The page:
Millions of Americans soon will be filling out brackets and cheering their teams as the March Madness of the 2015 NCAA men’s basketball tournament sweeps the nation.
But hoops junkies know it’s about more than just X’s and O’s: Men’s basketball teams at NCAA schools generated total revenues of over $1.6 billion last year.
So, for the second year in a row, NerdWallet focused on what we call “Money Madness.” We analyzed the revenue that this year’s top-ranked basketball teams bring to their universities and quantified how valuable players would be if paychecks were allowed for college athletes.
Our study isn’t focused on advocating for or against paying student athletes — that’s a separate debate with many points to consider on both sides.
Already at NBA value? The average value of a player at a top 25 ranked school is $487,617. That’s only $19,719 less than the minimum salary in the NBA.
Big bucks in Louisville. Louisville’s men’s basketball team generated over $40 million in total revenue last year. That amount is equivalent to the four-year cost for 535 students to attend the university.
The 2.6 million dollar man. Jahlil Okafor, one of the nation’s top freshmen, is worth over $2.6 million, according to our analysis. The average value of a player on his team at Duke is about $1.1 million.
We looked at the numbers to estimate the financial values of student athletes in this year’s top-ranked basketball programs. To do this, we adopted a revenue-sharing model similar to the one used by the NBA, where many of college basketball’s top players are headed.
Under this model, student athletes would be given 50% of all team revenues, which their schools generate through ticket sales, TV deals, merchandising and more. We also used this to estimate average player values at each of the men’s basketball teams ranked among the Associated Press Top 25 (as of March 2).
The following chart displays total team revenue, projected player revenue, number of players and average player value at the top 25 schools.
We also analyzed every team’s roster and each player’s performance to equate on-court production to monetary worth. In other words, we assigned players a dollar value based on how much they’ve contributed to their team’s success.
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The graphic shows the highest-valued player at each position — point guard, shooting guard, small forward, power forward and center — of the 340 players at the top 25 ranked schools.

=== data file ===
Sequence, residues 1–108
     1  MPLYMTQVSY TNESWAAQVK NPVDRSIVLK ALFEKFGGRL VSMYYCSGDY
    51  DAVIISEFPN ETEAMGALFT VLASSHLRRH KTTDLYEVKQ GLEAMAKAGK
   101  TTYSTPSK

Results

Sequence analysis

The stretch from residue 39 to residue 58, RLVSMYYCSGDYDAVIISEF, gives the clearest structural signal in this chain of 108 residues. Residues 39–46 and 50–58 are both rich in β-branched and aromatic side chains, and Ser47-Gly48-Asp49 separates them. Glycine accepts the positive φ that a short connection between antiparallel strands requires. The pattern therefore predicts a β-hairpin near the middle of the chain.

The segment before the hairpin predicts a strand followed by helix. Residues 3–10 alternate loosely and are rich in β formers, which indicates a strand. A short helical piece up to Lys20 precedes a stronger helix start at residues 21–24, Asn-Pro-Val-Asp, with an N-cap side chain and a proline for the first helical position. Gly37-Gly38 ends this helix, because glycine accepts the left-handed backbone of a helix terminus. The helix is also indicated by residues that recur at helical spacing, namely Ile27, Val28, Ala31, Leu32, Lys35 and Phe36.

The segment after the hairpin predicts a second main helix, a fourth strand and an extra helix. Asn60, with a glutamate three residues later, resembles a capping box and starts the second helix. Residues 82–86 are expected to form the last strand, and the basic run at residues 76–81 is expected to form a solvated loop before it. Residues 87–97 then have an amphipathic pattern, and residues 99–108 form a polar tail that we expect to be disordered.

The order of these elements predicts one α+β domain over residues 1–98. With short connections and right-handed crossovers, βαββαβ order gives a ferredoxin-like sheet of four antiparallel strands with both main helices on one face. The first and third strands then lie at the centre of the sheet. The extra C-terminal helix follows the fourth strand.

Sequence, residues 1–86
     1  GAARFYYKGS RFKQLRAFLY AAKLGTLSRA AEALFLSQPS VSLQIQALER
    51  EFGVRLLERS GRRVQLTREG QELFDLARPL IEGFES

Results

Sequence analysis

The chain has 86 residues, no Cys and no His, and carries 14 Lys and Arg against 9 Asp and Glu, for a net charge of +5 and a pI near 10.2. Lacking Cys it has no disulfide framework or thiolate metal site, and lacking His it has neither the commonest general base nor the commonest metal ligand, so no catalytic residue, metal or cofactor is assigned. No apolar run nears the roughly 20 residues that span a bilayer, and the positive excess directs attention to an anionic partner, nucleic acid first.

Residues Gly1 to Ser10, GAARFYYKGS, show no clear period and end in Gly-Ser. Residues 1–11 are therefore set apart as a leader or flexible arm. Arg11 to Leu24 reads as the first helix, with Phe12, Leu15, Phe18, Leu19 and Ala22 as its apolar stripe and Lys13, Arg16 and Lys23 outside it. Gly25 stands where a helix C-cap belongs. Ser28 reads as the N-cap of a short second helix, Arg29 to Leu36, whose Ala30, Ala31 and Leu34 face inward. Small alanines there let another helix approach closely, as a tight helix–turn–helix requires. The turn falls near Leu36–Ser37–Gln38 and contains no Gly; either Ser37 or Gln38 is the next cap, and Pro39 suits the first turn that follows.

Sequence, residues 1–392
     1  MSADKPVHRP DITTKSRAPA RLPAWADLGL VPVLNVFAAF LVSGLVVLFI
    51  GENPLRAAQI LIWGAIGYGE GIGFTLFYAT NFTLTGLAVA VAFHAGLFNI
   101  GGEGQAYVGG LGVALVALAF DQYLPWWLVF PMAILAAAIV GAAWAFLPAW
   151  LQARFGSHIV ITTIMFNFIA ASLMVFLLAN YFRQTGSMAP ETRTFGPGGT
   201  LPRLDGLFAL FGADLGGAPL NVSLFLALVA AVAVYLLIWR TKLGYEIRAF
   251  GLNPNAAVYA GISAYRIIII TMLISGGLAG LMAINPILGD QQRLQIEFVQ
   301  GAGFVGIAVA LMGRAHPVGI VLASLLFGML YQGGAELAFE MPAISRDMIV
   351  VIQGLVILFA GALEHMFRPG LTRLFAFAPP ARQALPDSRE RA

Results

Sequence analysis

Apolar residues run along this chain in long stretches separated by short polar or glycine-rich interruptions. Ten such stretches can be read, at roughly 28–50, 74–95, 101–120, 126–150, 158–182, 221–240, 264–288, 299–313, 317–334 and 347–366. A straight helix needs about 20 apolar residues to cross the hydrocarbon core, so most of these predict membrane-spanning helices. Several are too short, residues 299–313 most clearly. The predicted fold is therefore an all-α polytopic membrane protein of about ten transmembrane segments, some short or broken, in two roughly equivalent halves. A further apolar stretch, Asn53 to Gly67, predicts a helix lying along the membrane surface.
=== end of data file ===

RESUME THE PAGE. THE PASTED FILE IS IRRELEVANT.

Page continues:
To calculate these figures, we compared a player’s win shares — an estimate of how many team wins a player has contributed to — with total wins and assigned him an equal percentage of his team’s projected player revenue. Under this model, players are assigned dollar values based on their performance and their team’s success, too. In reality, many premier basketball schools generate high revenue even when their teams aren’t winning on the court.
To find average player values, we applied the NBA’s revenue-sharing model, where players earn 50% of league revenues. Since data on this year’s NCAA team revenues aren’t available, we used revenue figures from last year.
Average player value = (2013-14 total team revenue * 50%)/number of players on roster
To estimate individual player values based on performance, we calculated the percentage of total team wins a player has contributed through win shares, then applied that same percentage to the team’s player revenues (50% of total team revenue). A player is valued at a fraction of his team’s revenues that’s equal to his proportion of win shares.
We also set a minimum salary for players whose win shares are below a certain threshold. In the NBA, the current minimum salary is about 0.804% of a team’s salary cap, so we applied that same percentage to each NCAA team’s player revenue to establish minimum salaries per team.
It’s important to note that there are several limitations to this method of assessing player value. First, statistics such as win shares aren’t the only measure of a player’s value. Second, most teams would earn significant revenue regardless of the names on the roster. For example, Duke’s basketball team would likely generate substantial revenue even if Okafor — likely to be a top pick in the 2015 NBA draft — wasn’t suiting up for the school.
Data on NCAA men’s basketball team revenue are from the U.S. Department of Education.
Data on team records and player statistics are from Sports-Reference.
Infographic by Enrico M Limcaco.
Image via iStock.